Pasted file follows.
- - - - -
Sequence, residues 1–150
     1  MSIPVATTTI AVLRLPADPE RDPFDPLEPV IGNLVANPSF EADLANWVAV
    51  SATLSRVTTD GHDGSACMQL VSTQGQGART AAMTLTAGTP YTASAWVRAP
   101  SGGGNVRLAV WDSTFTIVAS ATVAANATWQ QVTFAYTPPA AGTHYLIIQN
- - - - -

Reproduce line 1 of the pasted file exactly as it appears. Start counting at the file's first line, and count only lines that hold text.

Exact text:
Sequence, residues 1–150